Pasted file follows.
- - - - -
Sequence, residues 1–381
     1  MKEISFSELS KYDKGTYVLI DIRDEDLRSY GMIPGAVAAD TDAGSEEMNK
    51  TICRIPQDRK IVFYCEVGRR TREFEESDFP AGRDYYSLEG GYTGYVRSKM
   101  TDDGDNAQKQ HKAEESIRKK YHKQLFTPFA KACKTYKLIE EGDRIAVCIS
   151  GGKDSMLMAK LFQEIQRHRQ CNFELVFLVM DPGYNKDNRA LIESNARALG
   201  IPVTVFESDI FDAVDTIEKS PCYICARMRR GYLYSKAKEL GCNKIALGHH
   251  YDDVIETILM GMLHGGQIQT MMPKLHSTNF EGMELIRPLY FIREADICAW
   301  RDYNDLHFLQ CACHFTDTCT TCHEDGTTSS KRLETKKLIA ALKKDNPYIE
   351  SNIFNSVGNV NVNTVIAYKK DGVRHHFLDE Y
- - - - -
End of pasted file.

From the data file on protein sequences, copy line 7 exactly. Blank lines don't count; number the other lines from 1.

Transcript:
   251  YDDVIETILM GMLHGGQIQT MMPKLHSTNF EGMELIRPLY FIREADICAW